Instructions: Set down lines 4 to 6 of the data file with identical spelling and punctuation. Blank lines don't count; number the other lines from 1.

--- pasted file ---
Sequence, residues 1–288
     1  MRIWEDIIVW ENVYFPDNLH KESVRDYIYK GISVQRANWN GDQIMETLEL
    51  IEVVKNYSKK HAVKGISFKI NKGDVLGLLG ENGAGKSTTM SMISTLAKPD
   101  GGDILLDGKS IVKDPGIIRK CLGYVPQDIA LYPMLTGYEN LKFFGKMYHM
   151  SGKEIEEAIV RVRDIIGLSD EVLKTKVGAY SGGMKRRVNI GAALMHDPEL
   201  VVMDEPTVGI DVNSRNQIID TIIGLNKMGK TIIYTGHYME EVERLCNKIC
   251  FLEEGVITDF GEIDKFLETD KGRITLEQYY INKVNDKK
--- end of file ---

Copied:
   101  GGDILLDGKS IVKDPGIIRK CLGYVPQDIA LYPMLTGYEN LKFFGKMYHM
   151  SGKEIEEAIV RVRDIIGLSD EVLKTKVGAY SGGMKRRVNI GAALMHDPEL
   201  VVMDEPTVGI DVNSRNQIID TIIGLNKMGK TIIYTGHYME EVERLCNKIC